Recapping '05 and Lookin' Ahead -- C-L-E-M-S-0- ... N!
Bless you, Oliver Purnell. You left a good gig at Dayton for the chance to coach in the ACC, even if that meant coming to Clemson--the hair-graying, shots-by-the-bunch-missing, turnover-committing doormat of the ACC. It's been two years for Purnell at Clemson...I wonder if he longs for the ol' A-10.
It was another difficult and frustrating year for Clemson, though they did manage a non-losing record. The Tigers (16-16, 5-11) played good basketball in the ACC tournament, beating Maryland easily and coming very close to knocking off North Carolina. They earned an NIT berth but lost in the first round to Texas A&M.
The season did at least mark a step forward from the 10-18 campaign of the year prior. They're still a ways from legitimately competing for an NCAA bid, however.
I like to think of the Tigers as the poster childern for offensive inefficiency, though I suppose that honor technically belongs to some other team.
Clemson did have some strength(s)...its offensive rebound rate (37.8%) ranked among the best in the ACC.
Unfortunately, Clemson shot just 60% from the free throw line. While the Tigers did a serviceable job of getting to the line, they were among the worst in the ACC in the FTM/FGA category. Only three Clemson regulars--Shawan Robinson, Vernon Hamilton, Cheyenne Moore--made at least 70% of their free throws. Moore led the team at 86% but had just 28 attempts.
Sharrod Ford was the usual suspect at the line, racking up 181 FTAs (26% of the team's total attempts). Had Ford been able to make free throws at a rate closer to 70-75% instead of his actual 59%, he'd have been even more dangerous in the post. As it was, opponents were more inclined to make him work for his points at the line.
Clemson's offense was also hindered by a boatload of turnovers. Clemson was the most turnover-prone team in the ACC, giving the ball away on 25% of its possessions. Vernon Hamilton's individual turnover rate was 32%.
Explanation of the numbers in the table.
|Player||O Rtg||% Poss||Min/G||PPG||FG%||3FG%||Floor %||Pts Prod/G||PPFGA|
[note: stats do not include Texas A&M game, as Clemson's athletics website hasn't seen fit to update the basketball team's season stats]
Graduates/Transfers: Sharrod Ford (Sr.), Olu Babalola (Sr.), Jimmy Hudson (transfer)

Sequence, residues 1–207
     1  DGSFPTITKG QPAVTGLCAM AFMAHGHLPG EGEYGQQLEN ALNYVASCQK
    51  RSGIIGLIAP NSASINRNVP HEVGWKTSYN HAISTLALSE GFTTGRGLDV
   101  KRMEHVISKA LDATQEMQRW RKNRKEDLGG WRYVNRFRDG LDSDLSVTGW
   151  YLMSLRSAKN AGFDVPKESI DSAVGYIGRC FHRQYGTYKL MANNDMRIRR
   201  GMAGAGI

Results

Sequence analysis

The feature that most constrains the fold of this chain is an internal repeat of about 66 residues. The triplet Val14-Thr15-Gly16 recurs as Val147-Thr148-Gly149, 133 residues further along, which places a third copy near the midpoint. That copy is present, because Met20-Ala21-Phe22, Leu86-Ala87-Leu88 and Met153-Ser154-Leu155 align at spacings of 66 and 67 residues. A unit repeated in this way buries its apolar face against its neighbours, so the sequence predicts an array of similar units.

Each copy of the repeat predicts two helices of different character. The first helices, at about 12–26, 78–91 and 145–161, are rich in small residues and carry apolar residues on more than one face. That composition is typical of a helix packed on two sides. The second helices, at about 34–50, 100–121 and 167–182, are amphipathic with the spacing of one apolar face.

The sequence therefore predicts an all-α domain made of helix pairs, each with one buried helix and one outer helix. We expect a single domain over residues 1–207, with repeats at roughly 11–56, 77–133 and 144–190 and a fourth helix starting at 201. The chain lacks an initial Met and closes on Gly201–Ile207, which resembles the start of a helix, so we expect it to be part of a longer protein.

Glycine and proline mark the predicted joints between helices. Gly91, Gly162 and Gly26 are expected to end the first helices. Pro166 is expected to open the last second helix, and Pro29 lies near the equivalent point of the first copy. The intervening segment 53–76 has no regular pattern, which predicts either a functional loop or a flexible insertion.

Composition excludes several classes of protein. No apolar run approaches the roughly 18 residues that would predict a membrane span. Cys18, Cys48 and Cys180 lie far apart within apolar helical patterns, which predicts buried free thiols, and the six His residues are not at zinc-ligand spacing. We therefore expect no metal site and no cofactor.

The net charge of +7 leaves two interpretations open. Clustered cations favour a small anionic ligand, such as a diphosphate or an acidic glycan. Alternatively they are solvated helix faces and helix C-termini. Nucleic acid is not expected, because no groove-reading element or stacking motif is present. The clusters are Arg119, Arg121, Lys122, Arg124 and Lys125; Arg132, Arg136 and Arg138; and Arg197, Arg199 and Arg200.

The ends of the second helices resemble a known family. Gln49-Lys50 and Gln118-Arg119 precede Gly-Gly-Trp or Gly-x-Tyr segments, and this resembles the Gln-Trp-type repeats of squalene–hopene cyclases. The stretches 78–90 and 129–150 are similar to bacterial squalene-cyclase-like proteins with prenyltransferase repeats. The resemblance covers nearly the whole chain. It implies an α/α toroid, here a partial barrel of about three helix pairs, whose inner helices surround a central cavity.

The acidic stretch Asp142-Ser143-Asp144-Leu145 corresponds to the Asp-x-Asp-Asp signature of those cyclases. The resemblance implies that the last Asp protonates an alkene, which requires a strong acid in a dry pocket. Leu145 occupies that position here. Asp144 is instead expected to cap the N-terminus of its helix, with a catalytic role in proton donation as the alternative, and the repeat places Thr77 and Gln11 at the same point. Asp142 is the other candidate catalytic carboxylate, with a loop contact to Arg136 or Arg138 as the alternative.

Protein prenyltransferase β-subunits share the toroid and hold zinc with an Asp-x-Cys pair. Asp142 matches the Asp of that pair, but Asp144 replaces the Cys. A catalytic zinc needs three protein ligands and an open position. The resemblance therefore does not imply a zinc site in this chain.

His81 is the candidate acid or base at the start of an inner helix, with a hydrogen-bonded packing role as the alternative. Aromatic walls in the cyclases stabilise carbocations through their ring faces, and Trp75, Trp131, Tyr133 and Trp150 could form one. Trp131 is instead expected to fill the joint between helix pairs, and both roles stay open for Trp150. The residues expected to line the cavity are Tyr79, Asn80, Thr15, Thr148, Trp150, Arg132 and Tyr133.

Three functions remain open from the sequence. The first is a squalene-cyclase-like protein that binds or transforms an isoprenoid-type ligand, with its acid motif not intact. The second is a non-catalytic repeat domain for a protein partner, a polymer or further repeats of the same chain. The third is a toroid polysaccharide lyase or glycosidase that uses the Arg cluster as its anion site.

Ford's offensive rating took a hit from his FT shooting and the high percentage of possessions he used. In this case, Ford didn't have much help, so there was nothing detrimental about his use of 26.6% of the team's possessions. The Tigers certainly wouldn't have wanted Hamilton or Babalola using more possessions.
The Tigers will miss Ford dearly next season, as Ford carried the scoring and rebounding loads for the Tigers. He was the team's best rebounder and was responsible for about 25% of the team's offensive rebounds. He was the only Clemson regular with a turnover rate below 20%. And he averaged 3 blocks/40 minutes. I think the loss of Ford's rebounding could be particularly damaging next year.
Shawan Robinson was excellent from beyond the arc (and he was a very good FT shooter), but he's got to shoot better from inside the arc. Improvement in that area will make his O Rtg look quite good.
Hammonds was also a serviceable jump shooter...the rest of those guys had little business shooting the ball from deep. Hammonds was a freshman this past season, so that's encouraging for Clemson.
It is important to note that Clemson had seven freshmen this past season: Hammonds, Jimmy Hudson, Troy Mathis, James Mays, Cheyenne Moore, Matt Morris, and Sam Perry. That's a lot of inexperience, and it was apparent on many occasions. Clemson's prospects depend on how those guys mature. Hammonds has a good season under his belt...the rest of those guys, well...
The ACC will be weaker next season; of course, that doesn't mean the road will be any easier for Clemson. Replacing Ford's contributions and simultaneously making the offense better looks to be a difficult task.